To promote sustainable tourism, Belgian studios BuroLandschap and De Gregorio & Partners worked together to launch the Cycling Through The Trees project.
As the name implies, Cycling Through The Trees is an elevated path in Limburg, Belgium, that takes cyclists up to a height of 10 meters (32 feet) above the ground.
The unique experience gives them a stunning 360-degree view of the entire forest and the feeling of riding amongst the treetops.
The double circle structure is 100 meters in diameter and was built for the tourism organization Visit Limburg.
Its path is three meters wide and is almost 700 meters long. It climbs to a height of 10 meters before descending back to the forest floor.
Cycling Through The Trees was developed to encourage people to engage with the forest. And since promoting sustainable tourism was one of the main goals, the designers ensured the attraction had minimal impact on its surroundings.
To achieve that, they used a single crane mounted at the center of the circle to build the structure. They also didn’t use any concrete to install the weathering steel columns. Instead, they used screw pile foundations.
While several trees had to be felled, these were used to decorate a rest stop built near the attraction.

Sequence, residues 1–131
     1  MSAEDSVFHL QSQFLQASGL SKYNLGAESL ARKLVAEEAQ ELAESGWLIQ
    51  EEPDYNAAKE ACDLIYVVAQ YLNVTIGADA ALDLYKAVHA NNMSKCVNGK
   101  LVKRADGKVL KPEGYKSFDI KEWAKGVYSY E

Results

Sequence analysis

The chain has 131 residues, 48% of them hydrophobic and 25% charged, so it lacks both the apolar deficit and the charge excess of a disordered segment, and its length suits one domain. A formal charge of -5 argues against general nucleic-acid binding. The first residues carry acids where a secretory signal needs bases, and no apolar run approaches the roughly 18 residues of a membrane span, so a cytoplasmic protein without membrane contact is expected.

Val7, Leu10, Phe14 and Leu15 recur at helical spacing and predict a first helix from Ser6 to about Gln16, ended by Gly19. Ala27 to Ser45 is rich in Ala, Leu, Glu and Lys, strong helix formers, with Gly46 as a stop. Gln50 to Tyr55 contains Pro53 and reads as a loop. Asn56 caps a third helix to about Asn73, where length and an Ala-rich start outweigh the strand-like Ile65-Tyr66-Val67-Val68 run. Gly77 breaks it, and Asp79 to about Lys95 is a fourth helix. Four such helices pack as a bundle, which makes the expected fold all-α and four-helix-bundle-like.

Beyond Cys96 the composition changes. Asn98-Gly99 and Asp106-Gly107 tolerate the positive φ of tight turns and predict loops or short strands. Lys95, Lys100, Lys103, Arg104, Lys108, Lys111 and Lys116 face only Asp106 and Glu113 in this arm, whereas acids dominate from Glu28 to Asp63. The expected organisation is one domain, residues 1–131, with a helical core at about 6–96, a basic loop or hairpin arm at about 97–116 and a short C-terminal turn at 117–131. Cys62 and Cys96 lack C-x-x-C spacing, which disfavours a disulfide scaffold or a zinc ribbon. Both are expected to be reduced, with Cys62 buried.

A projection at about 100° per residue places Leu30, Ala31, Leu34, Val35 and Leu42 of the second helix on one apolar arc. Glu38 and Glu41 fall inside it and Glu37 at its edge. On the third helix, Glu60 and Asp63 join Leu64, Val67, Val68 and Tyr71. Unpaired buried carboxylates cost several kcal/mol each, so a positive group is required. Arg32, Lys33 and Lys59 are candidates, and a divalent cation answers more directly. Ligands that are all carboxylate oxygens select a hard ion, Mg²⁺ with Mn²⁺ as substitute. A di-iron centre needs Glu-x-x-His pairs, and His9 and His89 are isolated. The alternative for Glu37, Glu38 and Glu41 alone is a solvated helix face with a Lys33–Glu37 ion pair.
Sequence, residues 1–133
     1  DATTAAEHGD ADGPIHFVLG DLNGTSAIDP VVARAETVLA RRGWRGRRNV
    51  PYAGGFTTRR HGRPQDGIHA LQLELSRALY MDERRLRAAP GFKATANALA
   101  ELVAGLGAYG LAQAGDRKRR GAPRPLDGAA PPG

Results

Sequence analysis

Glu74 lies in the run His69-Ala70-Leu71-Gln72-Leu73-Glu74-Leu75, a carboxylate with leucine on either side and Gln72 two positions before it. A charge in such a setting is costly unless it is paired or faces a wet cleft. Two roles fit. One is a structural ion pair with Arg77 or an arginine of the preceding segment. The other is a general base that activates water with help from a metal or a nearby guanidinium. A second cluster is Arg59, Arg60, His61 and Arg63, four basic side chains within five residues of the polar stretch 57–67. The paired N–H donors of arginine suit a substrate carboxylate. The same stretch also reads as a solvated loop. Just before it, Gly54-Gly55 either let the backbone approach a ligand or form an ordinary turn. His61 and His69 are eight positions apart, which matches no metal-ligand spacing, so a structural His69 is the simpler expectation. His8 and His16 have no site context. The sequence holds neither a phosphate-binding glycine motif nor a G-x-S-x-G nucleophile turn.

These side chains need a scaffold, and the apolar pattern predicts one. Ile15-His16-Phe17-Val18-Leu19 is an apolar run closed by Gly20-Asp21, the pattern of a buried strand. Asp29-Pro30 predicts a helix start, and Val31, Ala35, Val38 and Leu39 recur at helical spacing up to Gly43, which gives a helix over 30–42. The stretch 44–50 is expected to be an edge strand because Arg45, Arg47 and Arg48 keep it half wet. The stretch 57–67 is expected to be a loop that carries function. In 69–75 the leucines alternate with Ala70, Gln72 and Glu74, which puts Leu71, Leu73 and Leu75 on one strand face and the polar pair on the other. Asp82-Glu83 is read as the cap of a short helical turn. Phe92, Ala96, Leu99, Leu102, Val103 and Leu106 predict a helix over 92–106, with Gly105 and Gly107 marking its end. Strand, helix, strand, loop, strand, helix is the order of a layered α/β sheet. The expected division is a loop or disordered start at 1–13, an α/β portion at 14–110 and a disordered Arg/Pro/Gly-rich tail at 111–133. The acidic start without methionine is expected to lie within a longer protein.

“The most important thing for us was to build a structure with the lowest possible impact on the environment and the sensitive nature present,” BuroLandschap founder Pieter Daenen explained. “This was the starting point!”
“The trees were of course very important,” he added. “After all, cycling through the trees would no longer make sense if trees were damaged or destroyed after the construction of the structure.”
The feat wasn’t easy to achieve for something as enormous as the attraction, but the designers succeeded, anyway.
With its spiral shape and elevated structure, those cycling through the nature reserve would surely enjoy a magical experience while exploring the natural landscape.
“It seems as if visitors are becoming children again. You often see visitors who drive around several times. Moreover, the ride of 600 meters is quite pleasant and not too hard, even if your condition is not too good,” said Daenan.
The weathered steel columns used for the deck and supports have a browny orange color meant to mimic the appearance of the pine trunks in the forest.
Daenan said brown is the color of the earth, so it would certainly blend well in the environment. And judging by the results, he was absolutely right. The brown weathered steel columns seamlessly integrated into its surroundings.
Aside from supporting sustainable tourism, the Cycling Through The Trees project aims to bring people into the Bosland forest. A rise in visitors and inhabitants will ensure that the environment is preserved.
“These people also help advance the local economy,” Daenan said. “Governments are also enthusiastic about this and are convinced that forests can also offer economic added value. As a result, they will also support the conservation of the forests more.”
Scroll through the gallery below to see more photos of this stunning cycling path in Belgium.